The 1960s saw the Air Force flirt with supersonic dreams, crafting the XB-70 Valkyrie – a behemoth designed to breach Mach 3 and rain nuclear fury from high altitude. While the program’s ambitions were eventually grounded, two XB-70A testbeds soared, pushing the boundaries of aviation. This is the tale of one such Valkyrie, AV-2, and its brush with disaster, averted by a pilot’s grit and a humble paperclip.

Born in the 1950s, the Valkyrie craved speed and altitude, meant to deliver a chilling payload. But the winds of war shifted, and advancements in ICBMs and SAMs rendered the program obsolete. Still, two magnificent birds were built, AV-1 and AV-2, taking to the skies in 1964 and 1965 respectively. Sadly, AV-2’s journey ended tragically in a mid-air collision a year later. AV-1, however, continued its research mission, eventually finding a new home at the National Museum of the USAF.

However, AV-2 had another story to tell. On April 30th, 1966, Colonel Joe Cotton and test pilot Al White embarked on a mission to push AV-2 to Mach 3 for 30 minutes. But fate had other plans.

How a Paperclip Saved the XB-70 Valkyrie

A short-circuit in the landing gear retraction system. The 500,000-pound behemoth found itself with a jammed nose gear, slashed tires, and a complete failure of both hydraulic and electrical backup systems. Landing a Cessna without a nose gear is one thing, but attempting it in a Valkyrie would be akin to courting disaster. The steep nose-up attitude and vulnerable underbelly offered little hope for the crew’s survival.

Panic wouldn’t solve the problem. Cotton and White attempted “hard touch and goes,” hoping to jar the tire back into its locked position. An hour ticked by, each passing minute amplifying the urgency. With options dwindling, bailing out seemed like the only escape, but it meant losing not just the aircraft, but potentially their lives.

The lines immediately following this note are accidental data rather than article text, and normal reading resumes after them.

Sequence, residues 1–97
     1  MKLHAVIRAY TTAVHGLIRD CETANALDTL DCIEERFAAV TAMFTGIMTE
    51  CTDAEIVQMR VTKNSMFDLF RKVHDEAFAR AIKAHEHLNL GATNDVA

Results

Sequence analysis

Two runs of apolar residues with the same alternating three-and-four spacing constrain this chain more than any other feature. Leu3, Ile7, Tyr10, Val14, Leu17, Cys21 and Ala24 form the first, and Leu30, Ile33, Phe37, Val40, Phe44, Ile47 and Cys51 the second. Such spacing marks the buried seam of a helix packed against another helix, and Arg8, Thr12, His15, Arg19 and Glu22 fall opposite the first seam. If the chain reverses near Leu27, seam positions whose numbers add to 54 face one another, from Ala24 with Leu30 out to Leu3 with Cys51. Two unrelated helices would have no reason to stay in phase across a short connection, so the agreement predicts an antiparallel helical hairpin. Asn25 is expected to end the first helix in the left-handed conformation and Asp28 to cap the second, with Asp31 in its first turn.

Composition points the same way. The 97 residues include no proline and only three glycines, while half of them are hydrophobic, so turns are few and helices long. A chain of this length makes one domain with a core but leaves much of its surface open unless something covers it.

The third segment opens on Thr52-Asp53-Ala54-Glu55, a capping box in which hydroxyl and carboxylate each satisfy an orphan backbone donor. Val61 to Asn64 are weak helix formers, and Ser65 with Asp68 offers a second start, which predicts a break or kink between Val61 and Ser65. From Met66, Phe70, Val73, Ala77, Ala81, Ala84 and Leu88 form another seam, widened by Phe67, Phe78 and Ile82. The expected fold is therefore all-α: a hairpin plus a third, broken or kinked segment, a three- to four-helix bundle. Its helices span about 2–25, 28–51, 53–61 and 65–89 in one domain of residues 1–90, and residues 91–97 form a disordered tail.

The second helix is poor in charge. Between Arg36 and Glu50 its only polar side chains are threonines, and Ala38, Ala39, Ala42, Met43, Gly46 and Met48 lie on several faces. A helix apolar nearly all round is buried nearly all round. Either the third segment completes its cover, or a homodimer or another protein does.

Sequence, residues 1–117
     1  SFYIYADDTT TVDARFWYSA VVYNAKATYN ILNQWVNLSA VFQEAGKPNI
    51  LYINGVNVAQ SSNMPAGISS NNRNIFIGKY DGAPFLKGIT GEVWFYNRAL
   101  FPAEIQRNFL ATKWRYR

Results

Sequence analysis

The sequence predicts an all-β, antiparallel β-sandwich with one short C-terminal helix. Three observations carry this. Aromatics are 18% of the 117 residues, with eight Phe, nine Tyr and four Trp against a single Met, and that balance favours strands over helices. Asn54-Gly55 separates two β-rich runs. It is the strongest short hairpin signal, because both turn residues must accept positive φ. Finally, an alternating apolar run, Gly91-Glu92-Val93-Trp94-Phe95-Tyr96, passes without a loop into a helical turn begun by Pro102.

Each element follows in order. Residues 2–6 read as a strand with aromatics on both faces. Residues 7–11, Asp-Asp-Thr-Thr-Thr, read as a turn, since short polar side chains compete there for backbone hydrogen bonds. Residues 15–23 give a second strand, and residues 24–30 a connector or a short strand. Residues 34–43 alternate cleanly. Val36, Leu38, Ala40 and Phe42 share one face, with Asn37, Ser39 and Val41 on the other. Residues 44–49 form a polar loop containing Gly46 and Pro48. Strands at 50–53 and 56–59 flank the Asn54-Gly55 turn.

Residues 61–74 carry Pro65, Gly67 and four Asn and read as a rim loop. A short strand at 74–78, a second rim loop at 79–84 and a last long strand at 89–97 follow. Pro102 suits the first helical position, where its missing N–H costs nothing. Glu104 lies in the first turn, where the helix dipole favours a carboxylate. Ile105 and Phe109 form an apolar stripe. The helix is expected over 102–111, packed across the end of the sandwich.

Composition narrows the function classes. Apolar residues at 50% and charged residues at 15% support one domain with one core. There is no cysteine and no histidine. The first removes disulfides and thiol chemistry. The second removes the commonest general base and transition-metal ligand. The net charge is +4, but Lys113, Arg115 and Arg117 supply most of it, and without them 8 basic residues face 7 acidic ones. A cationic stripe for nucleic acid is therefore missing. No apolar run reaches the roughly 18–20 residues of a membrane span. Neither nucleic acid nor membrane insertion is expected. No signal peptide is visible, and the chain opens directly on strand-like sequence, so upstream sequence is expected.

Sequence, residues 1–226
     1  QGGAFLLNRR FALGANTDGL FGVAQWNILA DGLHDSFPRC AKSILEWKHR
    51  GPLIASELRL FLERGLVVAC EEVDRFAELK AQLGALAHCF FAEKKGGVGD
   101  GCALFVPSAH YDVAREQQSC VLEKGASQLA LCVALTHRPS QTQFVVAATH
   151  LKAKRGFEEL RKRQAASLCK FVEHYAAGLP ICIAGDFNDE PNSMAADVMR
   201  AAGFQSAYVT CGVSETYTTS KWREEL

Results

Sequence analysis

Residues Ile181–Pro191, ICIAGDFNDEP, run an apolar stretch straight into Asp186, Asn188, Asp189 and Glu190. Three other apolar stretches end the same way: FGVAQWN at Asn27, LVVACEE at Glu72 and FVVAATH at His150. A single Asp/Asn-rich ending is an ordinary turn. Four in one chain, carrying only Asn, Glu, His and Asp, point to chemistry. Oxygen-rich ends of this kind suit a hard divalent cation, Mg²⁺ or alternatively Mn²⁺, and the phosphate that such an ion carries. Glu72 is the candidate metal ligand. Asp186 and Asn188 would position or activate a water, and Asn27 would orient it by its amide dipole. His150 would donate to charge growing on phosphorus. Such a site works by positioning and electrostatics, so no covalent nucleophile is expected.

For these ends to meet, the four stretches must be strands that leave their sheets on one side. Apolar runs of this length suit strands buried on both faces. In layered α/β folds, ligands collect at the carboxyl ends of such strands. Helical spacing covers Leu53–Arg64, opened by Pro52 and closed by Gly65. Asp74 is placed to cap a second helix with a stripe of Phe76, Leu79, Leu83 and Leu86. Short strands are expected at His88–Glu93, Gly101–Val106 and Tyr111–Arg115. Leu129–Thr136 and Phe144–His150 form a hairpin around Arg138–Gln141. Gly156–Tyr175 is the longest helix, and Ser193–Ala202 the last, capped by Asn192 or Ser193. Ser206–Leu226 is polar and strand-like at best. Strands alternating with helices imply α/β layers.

Thankfully, the ground crew wasn’t idle. After diagnosing the issue, they relayed a solution – short-circuit the electrical system. In a moment that would solidify its place in aviation lore, Cotton reached into his briefcase and pulled out a simple paperclip. This unassuming hero became the bridge between life and death as he used it to short the circuit, successfully locking the nose gear.

The landing wasn’t perfect. Three of the main landing gear locked and ignited, painting the scene with dramatic flames as the drag chutes deployed. But AV-2 touched down, battered but not broken, and Cotton and White emerged unscathed. A $750 million aircraft saved by a paperclip; a testament to the ingenuity and unwavering will of those who dared to reach for the sky.

This incident went beyond mere luck. It underscored the critical collaboration between pilots, engineers, and ground crew in ensuring aviation safety. It became a legend, reminding us that sometimes, the most extraordinary solutions can be found in the most ordinary of objects, held by the steady hand of courage.

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